[awk] Command line calculator using awk « *NIX tricks

This is an update on our bash command line calculator posted a few days ago — except for the fact that this time we’ll use awk to do the calculation instead of bc. As I mentioned in that post, you may use python or ruby (irb) to do the same thing, but these tricks may be useful if you don’t ruby or python installed (bc and awk, in general, come by default in any Unix or GNU/Linux distro).

First, create (or rewrite if you used our last trick) function “?” as follows and put it in your ~/.bashrc file:
? () { awk “BEGIN{ print $* }” ;}

and make sure to reload your ~/.bashrc file (do the similar thing if you’re using any other shell). [NOTE: ZSH does not like “?” as a function, so you might consider replacing it with something reasonable, e.g., “compute”]

Now, if you want to calculate an expression, do it, for example, as
$ ? “2*3+4.0*(9.9+8.1)”

and don’t forget the quotes.

Automating Firefox… from within…

Filed under: cool, dev, firefox, functional testing, testing, tip, tool — michaelangela @ 2:34 pm

This is just crazy cool. Just noting for future use.

MozLab | hyperstruct


Connect to Firefox and other Mozilla apps, explore and modify them from the inside, while they’re running.

Execute Javascript, play with browser GUI, sneak into HTML pages, examine functions and variables, redefine them on the fly, hot-fix bugs, …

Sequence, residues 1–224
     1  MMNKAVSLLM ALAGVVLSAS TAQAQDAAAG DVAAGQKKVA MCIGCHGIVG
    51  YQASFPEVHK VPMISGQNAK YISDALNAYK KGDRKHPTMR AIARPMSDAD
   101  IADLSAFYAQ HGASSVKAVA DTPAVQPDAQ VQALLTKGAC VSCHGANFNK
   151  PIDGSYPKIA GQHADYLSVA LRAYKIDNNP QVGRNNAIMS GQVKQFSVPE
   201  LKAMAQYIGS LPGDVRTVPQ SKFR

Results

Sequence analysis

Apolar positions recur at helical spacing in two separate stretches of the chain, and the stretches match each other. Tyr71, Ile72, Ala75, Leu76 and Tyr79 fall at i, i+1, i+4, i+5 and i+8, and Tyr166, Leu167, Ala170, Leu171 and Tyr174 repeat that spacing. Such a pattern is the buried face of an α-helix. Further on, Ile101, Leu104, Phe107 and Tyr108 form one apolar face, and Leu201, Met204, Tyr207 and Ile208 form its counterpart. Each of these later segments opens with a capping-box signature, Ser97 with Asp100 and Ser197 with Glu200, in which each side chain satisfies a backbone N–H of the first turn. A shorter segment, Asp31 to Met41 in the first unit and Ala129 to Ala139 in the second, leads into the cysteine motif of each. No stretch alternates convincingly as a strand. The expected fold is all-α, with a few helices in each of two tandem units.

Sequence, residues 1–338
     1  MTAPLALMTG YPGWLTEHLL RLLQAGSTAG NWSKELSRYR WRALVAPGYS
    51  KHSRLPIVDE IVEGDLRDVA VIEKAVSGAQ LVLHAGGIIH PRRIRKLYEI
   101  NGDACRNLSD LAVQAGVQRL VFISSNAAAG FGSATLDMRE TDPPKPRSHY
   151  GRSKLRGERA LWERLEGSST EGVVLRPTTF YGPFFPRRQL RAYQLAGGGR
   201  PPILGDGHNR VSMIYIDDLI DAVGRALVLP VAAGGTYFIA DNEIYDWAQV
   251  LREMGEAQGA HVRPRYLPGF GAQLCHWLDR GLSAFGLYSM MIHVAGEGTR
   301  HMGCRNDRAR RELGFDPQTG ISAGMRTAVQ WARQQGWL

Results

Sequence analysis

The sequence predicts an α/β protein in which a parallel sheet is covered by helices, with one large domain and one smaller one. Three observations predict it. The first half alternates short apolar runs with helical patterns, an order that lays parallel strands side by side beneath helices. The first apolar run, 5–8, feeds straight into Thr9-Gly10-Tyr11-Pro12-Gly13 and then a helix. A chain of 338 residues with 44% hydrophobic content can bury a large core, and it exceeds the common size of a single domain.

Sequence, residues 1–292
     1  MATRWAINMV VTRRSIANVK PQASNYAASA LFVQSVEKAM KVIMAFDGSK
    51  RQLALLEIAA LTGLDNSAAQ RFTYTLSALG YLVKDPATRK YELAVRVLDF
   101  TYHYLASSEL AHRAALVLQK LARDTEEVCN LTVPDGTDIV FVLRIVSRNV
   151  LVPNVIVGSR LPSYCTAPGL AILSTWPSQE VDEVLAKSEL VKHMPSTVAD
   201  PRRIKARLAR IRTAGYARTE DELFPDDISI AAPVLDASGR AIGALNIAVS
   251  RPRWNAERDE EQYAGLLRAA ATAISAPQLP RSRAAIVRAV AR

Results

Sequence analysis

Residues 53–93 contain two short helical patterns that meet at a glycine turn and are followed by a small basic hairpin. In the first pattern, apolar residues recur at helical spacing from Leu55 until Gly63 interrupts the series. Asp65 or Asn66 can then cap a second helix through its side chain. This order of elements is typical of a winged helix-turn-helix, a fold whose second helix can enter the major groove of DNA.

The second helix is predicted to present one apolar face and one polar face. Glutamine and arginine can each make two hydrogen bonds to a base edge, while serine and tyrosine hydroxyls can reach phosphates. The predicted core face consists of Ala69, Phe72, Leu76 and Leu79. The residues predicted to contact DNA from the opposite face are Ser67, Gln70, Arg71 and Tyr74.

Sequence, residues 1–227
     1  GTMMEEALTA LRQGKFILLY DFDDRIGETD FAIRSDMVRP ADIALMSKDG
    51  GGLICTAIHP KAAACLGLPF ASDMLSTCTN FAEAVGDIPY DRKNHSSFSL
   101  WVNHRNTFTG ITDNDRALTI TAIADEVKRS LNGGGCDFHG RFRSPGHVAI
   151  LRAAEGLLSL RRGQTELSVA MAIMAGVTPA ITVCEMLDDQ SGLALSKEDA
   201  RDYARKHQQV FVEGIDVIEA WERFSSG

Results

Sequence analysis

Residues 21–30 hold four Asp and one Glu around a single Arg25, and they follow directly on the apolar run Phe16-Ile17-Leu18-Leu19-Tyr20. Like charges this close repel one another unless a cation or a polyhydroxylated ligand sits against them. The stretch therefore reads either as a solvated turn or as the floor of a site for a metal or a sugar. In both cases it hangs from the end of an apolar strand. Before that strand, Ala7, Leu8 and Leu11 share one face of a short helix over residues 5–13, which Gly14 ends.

FunFX Tutorial

Filed under: cool, dev, flex, functional testing, tool — michaelangela @ 2:30 pm

Just for future reference… this is some nice stuff indeed!

Testing your Flex app with new FunFX | Ladislav Martincik – Personal website

Flex Functional Testing

Filed under: dev, flex, functional testing, tool — michaelangela @ 2:28 pm

See the syntax example on the page for a quick reference. Wow…  that’s pretty cool.

.::FunFX – Functional Testing of Flex applications

FunFX is created as a framework that will enable you to drive a Flex application through a web browser. FunFX together with for instance Test::Unit or rSpec creates a great to for testing and asserting the functionality of a Flex application.

Flash Functional Testing

Filed under: flash, functional testing, tool — michaelangela @ 2:25 pm